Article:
“Stewardship is not only an environmental concern, it's also a health, economic, food security and moral issue,” US Secretary of State John Kerry in his address to the Global Oceans Action Summit for Food Security and Blue Growth. Oceans elicit emotional reactions in many people. They are places where we swim, fish, sail or simply watch the world go by. Yet, increasingly, we hear troubling messages that oceans are under grave threat from overfishing, pollution, climate change and more. These messages move us to take action. But, what actions can right past wrongs and create future opportunities?
Dave Mills, a senior researcher at WorldFish, was describing the outcomes of a project on governance reform with small-scale fishers in Ghana. This project had empowered women in the community by working to build confidence, capacity, and vision among women to engage in decision-making and by helping challenge underlying and oppressive attitudes towards them. Dave recounted how, at a project review meeting, the village chief proudly exclaimed “What have you done with these women - they have changed!”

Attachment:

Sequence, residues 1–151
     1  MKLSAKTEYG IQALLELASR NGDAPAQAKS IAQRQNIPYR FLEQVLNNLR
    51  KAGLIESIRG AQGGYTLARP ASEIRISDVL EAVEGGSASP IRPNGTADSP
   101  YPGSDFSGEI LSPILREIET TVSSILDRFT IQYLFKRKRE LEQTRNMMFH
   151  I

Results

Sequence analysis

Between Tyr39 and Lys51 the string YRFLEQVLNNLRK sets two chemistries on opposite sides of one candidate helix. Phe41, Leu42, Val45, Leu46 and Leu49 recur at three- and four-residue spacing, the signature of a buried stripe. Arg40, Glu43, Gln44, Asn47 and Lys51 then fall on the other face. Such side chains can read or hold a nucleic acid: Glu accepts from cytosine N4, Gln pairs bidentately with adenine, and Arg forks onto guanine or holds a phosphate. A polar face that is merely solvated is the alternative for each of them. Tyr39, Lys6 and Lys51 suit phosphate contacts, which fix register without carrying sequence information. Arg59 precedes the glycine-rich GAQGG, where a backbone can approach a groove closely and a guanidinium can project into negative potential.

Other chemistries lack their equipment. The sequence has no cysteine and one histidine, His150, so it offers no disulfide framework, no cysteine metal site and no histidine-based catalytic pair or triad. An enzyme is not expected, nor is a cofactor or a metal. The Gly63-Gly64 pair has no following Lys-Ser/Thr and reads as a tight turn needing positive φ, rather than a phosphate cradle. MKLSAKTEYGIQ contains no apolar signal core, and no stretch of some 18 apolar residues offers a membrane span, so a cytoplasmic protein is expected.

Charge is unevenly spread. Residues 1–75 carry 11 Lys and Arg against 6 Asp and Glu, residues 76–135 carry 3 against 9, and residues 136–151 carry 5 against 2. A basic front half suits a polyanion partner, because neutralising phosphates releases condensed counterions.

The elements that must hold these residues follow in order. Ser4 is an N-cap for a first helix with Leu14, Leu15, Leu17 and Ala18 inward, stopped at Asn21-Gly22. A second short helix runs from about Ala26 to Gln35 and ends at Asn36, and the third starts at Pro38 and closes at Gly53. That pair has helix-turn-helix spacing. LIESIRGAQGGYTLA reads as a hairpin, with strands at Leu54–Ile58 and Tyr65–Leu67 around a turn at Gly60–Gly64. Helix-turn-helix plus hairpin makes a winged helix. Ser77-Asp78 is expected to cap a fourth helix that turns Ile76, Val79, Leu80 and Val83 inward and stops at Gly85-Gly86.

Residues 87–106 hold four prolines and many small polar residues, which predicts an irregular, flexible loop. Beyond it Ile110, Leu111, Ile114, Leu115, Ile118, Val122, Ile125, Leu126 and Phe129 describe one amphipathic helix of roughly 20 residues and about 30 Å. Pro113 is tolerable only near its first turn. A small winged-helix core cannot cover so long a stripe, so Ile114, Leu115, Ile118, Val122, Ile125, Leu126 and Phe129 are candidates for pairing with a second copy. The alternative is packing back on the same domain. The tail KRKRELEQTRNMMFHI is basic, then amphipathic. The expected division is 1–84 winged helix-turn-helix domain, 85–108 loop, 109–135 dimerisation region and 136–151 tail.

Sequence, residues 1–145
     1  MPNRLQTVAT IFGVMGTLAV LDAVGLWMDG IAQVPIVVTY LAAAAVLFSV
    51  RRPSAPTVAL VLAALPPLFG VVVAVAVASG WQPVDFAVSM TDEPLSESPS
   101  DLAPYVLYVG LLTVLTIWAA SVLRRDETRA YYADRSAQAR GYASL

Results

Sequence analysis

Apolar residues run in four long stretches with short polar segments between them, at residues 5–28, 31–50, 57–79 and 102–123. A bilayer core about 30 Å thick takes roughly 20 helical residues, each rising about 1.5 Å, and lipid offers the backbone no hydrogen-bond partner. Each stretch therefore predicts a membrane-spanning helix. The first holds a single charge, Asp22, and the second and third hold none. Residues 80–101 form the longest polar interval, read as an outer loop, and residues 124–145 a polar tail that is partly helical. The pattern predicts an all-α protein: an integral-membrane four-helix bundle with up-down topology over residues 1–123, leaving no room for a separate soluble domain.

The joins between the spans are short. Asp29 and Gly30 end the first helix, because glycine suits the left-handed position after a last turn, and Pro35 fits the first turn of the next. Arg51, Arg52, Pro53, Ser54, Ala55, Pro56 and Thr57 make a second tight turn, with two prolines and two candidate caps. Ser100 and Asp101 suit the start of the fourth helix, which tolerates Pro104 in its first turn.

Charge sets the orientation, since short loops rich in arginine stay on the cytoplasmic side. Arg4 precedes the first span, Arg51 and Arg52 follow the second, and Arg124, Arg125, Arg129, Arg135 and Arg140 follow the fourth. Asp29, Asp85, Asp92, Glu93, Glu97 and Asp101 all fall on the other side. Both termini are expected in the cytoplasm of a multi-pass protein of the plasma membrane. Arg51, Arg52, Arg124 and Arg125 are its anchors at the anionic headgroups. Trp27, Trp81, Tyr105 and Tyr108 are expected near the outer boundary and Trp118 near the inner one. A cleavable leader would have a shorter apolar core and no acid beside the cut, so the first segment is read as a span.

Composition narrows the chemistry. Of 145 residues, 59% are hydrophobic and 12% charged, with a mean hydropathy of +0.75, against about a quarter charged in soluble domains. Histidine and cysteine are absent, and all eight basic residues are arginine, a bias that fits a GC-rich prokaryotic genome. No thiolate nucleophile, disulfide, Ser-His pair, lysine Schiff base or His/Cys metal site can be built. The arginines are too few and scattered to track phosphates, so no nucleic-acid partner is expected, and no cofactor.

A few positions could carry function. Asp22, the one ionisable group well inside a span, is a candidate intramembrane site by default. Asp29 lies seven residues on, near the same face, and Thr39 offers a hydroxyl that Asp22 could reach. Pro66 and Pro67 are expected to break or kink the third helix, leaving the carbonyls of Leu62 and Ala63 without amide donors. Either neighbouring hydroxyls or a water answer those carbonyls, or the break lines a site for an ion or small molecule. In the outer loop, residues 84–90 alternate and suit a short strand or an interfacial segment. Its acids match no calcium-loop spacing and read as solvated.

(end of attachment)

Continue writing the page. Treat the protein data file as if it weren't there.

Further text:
I was struck this week by an article on Devex highlighting how the popular narrative about Africa's growth is being challenged. The article points out that, despite national-level economic growth in many African countries, the benefits of that growth are failing to trickle down sufficiently; when two in five Africans surveyed say that they are unable to meet their basic needs and are food insecure, such a conclusion is hard to argue with.